Much has been publicised about the 35,000 per year projected workforce gap expected over the next decades if systemic issues are not addressed. Many of these concerns are macro-level and must be configured across the entire sector, such as the growing global competition for care workers, lags in migration processing, the need for higher pay across the industry, and the public perception of careers in aged care.
Workforce Australia and the Department of Health and Aged Care are currently implementing sector-wide workforce strategies, investing $402.2 million over 2022-25 to grow the clinical care workforce of nurses and allied health professions by removing barriers to entry, upskilling the workforce with training and qualifications that will enhance the quality of care delivered, and strengthening the workforce nationally, including in rural and remote locations. These programs include:
- Workforce Bonus Payment
- Care and support regulatory alignment
- Clinical placements
- Rural Health Multidisciplinary Training
- Care Together – Cooperative and Mutual Enterprises
However, with this October’s mandatory care minutes deadline looming, what are some practical steps you can take as a provider to support and grow a sustainable workforce that meets your obligations? The commission recently indicated it would monitor recruitment efforts for providers that are failing to meet their 24/7 RN and care minute targets as an indication of genuine efforts to comply.
In this article, we focus on residential aged care Registered Nurses (RNs), Enrolled Nurses (ENs), and Personal Care Workers (PCWs). Acknowledging each region has a unique set of workforce challenges and opportunities, state-based initiatives such as Crest NT and the rural locum assistance program offer some localised interventions. The Federal Government has also launched the Home Care Workforce Support Program to increase the size of the PCW workforce by 13,000. Reach out to us if you would like assistance identifying state-based and home care opportunities.
Maximising Minutes in your Existing Pool
The 2021 Care Workforce Labour Market Study showed that a very high proportion of the direct care workforce is employed in part-time or casual positions, with PCWs (61%) and RNs (59%) more likely to work part-time. Approximately 30% of the residential aged care workforce say they want to work more hours and around 11% hold multiple jobs. Reasons for this vary greatly, including system settings, historical arrangements, and changing business models. The mismatch may also be due to a gap between employee preferences and provider needs which presents an opportunity to increase the relatively low average hours and underemployment in your workforce by tailoring solutions to fit the individual. Some solutions may include:
- More flexibility in rostering and workforce planning, including the availability, timing, and location of shifts
- Removing barriers to working across facilities
- Addressing training and skills gaps
Approximately 30% of the workforce does not hold a relevant aged care qualification. While there are currently no minimum standard qualifications for entry-level care and support workers, as we know, many providers do hold a minimum Certificate III requirement for their PCW staff.
Are there currently unqualified staff across your facilities that may be interested in a side-step into carer positions? What about ENs that can retrain as RNs?
If barriers to participation in education and professional development are addressed, the existing workforce could have a greater capacity to meet the growing demand for services. Again, this requires a flexible and tailored approach for each staff member, with a focus on measures such as mentoring, reimbursing, or subsidising expenses like study and childcare, and ensuring they can learn while staying gainfully employed. Some initiatives to explore with staff include:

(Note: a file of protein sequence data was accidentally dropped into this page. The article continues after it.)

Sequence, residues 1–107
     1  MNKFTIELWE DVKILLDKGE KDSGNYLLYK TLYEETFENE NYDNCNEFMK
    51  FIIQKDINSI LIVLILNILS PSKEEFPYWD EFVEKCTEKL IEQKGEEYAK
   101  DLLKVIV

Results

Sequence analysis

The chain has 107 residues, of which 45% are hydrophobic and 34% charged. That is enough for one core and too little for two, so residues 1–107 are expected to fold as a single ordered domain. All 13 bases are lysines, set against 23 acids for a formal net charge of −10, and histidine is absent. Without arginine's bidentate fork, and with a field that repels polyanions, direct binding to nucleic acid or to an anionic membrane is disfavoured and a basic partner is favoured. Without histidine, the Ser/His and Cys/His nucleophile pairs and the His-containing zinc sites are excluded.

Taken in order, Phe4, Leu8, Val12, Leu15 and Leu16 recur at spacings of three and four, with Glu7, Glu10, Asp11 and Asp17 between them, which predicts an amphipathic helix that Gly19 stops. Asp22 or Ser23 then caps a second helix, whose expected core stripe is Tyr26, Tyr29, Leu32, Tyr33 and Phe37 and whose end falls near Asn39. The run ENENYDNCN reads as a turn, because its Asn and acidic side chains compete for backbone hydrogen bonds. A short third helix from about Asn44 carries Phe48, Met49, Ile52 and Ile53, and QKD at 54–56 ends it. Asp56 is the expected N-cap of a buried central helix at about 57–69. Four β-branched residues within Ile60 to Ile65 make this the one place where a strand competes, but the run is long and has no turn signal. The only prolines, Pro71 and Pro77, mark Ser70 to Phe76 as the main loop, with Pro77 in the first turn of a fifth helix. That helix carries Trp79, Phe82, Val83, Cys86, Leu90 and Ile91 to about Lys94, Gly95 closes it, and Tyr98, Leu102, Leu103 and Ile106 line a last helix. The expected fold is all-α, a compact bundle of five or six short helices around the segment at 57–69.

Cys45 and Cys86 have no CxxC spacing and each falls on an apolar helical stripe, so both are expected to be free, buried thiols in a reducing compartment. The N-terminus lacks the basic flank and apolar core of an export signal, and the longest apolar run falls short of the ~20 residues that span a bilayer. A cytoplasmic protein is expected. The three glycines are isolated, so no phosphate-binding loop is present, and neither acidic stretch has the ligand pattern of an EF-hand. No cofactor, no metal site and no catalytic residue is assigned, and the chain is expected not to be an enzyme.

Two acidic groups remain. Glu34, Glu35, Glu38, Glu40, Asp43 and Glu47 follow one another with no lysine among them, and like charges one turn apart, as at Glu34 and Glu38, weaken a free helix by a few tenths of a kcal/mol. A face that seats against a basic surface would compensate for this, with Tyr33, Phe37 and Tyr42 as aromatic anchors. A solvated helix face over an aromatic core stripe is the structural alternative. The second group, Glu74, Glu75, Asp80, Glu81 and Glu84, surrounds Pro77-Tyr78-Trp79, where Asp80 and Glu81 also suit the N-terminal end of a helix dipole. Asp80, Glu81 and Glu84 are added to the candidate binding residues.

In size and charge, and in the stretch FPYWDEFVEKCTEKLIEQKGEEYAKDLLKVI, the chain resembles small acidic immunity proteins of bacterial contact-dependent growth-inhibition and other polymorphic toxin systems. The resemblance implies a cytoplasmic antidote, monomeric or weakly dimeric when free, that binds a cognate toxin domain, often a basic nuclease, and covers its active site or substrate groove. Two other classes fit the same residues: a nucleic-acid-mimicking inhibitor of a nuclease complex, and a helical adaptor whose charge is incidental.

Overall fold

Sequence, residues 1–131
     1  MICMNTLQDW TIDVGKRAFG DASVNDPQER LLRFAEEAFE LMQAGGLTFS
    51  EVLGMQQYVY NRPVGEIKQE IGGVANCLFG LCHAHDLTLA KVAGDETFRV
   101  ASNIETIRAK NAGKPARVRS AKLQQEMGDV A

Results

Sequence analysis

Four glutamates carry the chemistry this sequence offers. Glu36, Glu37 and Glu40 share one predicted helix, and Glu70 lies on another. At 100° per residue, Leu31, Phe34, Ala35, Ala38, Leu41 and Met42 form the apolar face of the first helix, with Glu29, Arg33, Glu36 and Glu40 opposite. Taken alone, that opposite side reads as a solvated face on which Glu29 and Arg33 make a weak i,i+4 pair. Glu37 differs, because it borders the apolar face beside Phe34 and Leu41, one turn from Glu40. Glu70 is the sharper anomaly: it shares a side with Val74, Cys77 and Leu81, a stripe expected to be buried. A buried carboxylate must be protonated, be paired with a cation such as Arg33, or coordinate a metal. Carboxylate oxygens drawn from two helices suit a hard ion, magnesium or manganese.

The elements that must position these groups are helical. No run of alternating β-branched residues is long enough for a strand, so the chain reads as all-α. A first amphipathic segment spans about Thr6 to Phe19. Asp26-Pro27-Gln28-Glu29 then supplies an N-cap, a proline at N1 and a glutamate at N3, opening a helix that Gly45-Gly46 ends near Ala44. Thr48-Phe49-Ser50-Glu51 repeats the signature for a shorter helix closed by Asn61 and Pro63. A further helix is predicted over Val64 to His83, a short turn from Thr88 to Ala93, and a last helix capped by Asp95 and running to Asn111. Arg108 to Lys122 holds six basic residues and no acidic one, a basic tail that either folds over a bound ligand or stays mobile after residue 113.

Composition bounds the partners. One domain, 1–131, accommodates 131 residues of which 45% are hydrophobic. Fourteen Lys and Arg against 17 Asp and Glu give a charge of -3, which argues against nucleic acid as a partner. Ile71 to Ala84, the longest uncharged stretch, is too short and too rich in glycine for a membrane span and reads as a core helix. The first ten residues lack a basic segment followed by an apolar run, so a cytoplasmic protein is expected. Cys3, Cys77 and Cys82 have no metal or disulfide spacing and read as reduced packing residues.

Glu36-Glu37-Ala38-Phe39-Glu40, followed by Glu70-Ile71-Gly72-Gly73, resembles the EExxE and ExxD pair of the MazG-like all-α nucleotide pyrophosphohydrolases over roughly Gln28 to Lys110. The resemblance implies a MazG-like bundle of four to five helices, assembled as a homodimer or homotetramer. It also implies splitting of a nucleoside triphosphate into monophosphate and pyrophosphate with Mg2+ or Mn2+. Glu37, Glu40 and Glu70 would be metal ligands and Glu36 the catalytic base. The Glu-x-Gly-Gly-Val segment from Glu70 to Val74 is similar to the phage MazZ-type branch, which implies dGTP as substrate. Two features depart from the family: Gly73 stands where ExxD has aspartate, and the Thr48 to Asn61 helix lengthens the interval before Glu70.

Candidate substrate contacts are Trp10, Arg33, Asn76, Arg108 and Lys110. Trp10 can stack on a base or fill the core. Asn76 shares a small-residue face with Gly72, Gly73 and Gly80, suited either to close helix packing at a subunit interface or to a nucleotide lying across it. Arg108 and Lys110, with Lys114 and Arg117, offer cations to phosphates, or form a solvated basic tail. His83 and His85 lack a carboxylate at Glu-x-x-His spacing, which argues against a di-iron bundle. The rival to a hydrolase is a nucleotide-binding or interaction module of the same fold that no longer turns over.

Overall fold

- The Department of Health and Aged Care has made fee-free and subsidised TAFE places available for new aged care workers
- Aged Care Transition to Practice Program supports EN or RN staff at the beginning of their career or those re-entering aged care from another sector
- Scholarship opportunities are available through the Australian College of Nursing for PCWs, nurses, and allied health professionals working in aged care
- For general upskilling, the University of Tasmania has made several free, short, online learning modules available.
Staff Retention Strategies
While government retention bonuses such as the Aged Care Registered Nurses’ Payment may help to keep RNs in-house for set periods, there is much more that can be done to improve the value proposition to your employees. Workforce turnover has been linked to several factors such as high workloads, work pressure, inadequate staffing, working conditions, and pay.
Professionals aged under 30 and nurses were ranked most likely to intend to leave the aged care sector in the next year or two. Additionally, exits from the workforce are most likely to occur within the first few years, indicating the need for tailored retention strategies for early career cohorts. Good leadership, supervision, and support, as well as training and skills development, are vital for this group.
A large factor in workforce attraction and retention is the availability of opportunities for employees to grow and progress their careers. The Human Services Skills Organisation has been piloting better-defined career pathways, linked to stackable training, allowing staff to build their skills throughout their career and advance to higher level roles. At higher skill levels, career paths are more clearly articulated and structured, so a focus on mirroring similar professional development pathways for floor staff – leading to higher pay and responsibility – is vital to workforce longevity. The benefits of accumulating more skills through additional training at this level are normally focused on regulation and compliance and not clearly linked to career progression, which is a commonly cited reason for people considering leaving the sector.
The median age of PCWs and ENs is 40-49 years and for staff in older age groups, the work can be physically demanding and may impact their desire to remain in the sector. Strategically investing in innovation and new technologies can address multiple workforce challenges including: